Mumbai, 09 Mar 2018 14:24 IST
Despite all the skin show, Vishal Pandya's revenge story is completely wooden (just not the kind the audience expects).
There is a purpose for everything, they say. After watching Vishal Pandya's Hate Story IV, one wonders if there is any truth to that aphorism. How does this film serve the world of Indian cinema?
The story begins with the scions of the prestigious Khurana empire in London, Rajveer and Aryan (Karan Wahi and Vivan Bhatena) looking for a new face for their modelling agency. Aryan is in love with Rishma (Ihana Dhillon), a rising manager in his company, while Rajveer is the spoilt brat. That face belongs to Tasha (Urvashi Rautela).
Seeing how both brothers are repellingly narcissistic and perenially horny, it is easy for Tasha to become the one who drives a wedge between the two. Using her beauty, seductions skills, and quite a few handymen, she manages to end the Khurana empire by pitting the two brothers against each other. Her reason is the reason you might want to watch the film, or not.
This basic plot has been common from the first film of the franchise. A woman at the heart of the destruction of horny, perverse men. In that matter, Hate Story might just be a rare franchise that hands its heroines the agency of power and destruction. In fact, the reveal in the film comes with the women rising in celebration of the destruction of these evil men. Hence, the repeated reference to Draupadi through the film.
Despite being promoted as a franchise that combines erotica with the plot of a revenge thriller, Hate Story 4 lacks either. As beautiful as Urvashi Rautela is, her exposure does not, and probably cannot, amount to sensuality. There is a difference of aesthetics. To be fair, Pandya's film has an equality of exposure, with Vivan Bhatena and Karan Wahi displaying as much of their pecs as the two leading ladies.
The film is filled with scenes of the leads indulging in what results in a serious case of cooties, to put mildly. However, it lacks any fire, passion, and only feels like a dampener. At one point, you want to tell them to 'get a room'. It might just have saved the production expenses.
This lack of chemistry is the product of the second flaw in the film — bad acting. None of the leads manage to deliver a semblance of a performance through the film. In addition to speaking in only two tones - whispering (romantic) and screaming (angry), the performances are seriously let down by bad writing.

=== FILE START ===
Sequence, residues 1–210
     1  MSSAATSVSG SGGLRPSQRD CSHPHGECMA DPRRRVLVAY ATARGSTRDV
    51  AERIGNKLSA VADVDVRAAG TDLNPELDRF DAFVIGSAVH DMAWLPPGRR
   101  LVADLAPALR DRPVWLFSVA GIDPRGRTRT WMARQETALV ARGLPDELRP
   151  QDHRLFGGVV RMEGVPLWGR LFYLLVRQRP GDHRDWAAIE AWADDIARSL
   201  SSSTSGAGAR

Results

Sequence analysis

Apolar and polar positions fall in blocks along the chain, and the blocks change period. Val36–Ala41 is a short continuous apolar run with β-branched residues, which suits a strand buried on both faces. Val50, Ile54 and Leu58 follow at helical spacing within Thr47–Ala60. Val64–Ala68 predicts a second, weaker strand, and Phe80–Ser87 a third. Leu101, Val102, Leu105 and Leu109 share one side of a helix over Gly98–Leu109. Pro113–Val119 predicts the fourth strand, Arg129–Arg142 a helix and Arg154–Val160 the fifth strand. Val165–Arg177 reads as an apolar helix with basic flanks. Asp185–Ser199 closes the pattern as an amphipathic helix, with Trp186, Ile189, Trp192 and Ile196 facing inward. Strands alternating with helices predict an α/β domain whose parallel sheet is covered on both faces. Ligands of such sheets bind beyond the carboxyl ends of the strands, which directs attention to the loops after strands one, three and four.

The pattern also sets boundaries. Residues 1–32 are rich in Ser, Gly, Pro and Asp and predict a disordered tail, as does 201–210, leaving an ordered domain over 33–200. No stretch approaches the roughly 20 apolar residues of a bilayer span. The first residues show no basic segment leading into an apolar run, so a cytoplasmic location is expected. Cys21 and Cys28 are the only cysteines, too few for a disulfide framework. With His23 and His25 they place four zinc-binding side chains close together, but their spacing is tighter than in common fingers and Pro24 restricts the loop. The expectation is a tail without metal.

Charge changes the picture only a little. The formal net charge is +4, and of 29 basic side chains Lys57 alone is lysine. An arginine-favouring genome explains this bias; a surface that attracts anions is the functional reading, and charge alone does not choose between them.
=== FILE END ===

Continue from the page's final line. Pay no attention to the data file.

Karan Wahi underdelivers as the rogue casanova, and Vivan Bhatena's baritone does not manage to cover up his wooden expressions. While Urvashi Rautela remains the centrefold (pun intended) of the film, her acting is not much to write home about. Wrapped in skin-tight clothes and sky high heels (both of which look like they hinder mobility) throughout the film, one wonders how much of her distress contributed to her expressions.
The bad writing also reflects in the poorly written dialogues. At one point, Rajveer's blackmailer says 'Chote bhaiyya to chote bhaiyya, bade bhaiyya ta ta thaiyya', which resulted in the theatre tittering. This, to be frank, is a scene that this reviewer actually enjoyed the most in the film.
While hard to admit, the film does have an interesting plot that could have done with better exploration and development. Sadly, that is not the case. As for the characters, it is hard to find sympathy for any of them. Rajveer roofies girls to get them, and dumps them. Aryan has a roving eye that does not progress beyond the cleavage in front of him. Neither character finds redemption, or even a semblance of pity through development. The most complex character actually belongs to the senior Khurana (Gulshan Grover), who also walks away with the best lines in the film. He has a 15-minute appearance. Enough said.
However, the theatre your reviewer watched the film had a 60% attendance early in the morning. In a city that is starved for space, these shows remain the only escape for young couples seeking some privacy. One hopes they took home the lesson that hell hath no fury like a woman out for revenge, but that depends on if they watched the film at all. Perhaps, that is the purpose of existence for films like Hate Story IV.